On screen, a bloodied zombie hand turns a doorknob. A man’s boot steps carefully into a dark hallway and is jerked up by a hidden string one of the zombies placed in his path. The man suffers from PTSD and is trying to write a book about all the horrible things that happened to him decades ago. He can’t seem to get anything done in that house, and that’s when the zombies come out of the woodwork and mingle with his memories to cure his writer’s block.

“It’s not really scary,” Brad says. “None of this is scary.”

He places his hand on my chin. I don’t move away. It’s like we’re underwater again, this struggle for air, but this time it’s excitement rather than fear that I feel.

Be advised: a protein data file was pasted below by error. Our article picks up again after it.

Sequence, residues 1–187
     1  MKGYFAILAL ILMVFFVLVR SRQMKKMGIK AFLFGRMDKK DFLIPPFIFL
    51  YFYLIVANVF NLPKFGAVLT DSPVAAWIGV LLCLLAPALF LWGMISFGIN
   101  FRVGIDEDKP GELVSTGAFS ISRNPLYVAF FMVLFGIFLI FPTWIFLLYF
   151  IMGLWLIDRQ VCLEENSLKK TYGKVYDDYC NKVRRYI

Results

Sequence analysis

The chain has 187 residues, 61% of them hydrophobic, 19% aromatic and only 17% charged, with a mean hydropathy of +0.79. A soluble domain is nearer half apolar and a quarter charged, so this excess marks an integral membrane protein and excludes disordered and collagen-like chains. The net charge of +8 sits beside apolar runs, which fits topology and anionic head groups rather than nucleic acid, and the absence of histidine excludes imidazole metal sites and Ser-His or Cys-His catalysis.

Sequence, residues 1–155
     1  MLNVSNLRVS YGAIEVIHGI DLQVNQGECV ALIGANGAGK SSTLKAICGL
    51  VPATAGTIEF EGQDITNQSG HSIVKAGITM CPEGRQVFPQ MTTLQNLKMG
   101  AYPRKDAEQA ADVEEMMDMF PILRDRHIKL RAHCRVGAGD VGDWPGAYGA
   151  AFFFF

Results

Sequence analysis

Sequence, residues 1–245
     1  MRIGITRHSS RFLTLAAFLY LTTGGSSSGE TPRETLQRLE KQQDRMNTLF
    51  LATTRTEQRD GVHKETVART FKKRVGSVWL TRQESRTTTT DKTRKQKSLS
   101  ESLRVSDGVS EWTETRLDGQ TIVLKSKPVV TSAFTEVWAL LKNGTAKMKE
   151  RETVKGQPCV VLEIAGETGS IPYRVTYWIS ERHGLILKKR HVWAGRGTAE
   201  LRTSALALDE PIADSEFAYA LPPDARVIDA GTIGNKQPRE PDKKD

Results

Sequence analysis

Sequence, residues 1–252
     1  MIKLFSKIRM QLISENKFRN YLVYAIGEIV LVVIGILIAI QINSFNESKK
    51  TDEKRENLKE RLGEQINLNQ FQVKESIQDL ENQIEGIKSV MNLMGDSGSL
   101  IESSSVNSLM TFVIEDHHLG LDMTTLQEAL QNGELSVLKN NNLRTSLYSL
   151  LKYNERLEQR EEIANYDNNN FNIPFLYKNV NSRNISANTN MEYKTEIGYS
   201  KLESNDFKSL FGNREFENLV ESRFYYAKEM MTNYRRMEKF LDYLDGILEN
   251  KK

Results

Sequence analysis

His eyes soften in close up. “It’s just a bunch of special effects.”

In this moment, I believe him. I close my eyes and lean forward. The rope is behind us now; the bees have scattered.


Rumpus original art by Cody Bubenik.

Garrard Conley is the author of Boy Erased (Penguin 2016), a finalist for the Lamdba Literary award. His writing can be found in Time, Vice, The Virginia Quarterly Review, and on, BuzzFeed, and elsewhere. He is at work on a forthcoming novel and lives and teaches in NYC. More from this author →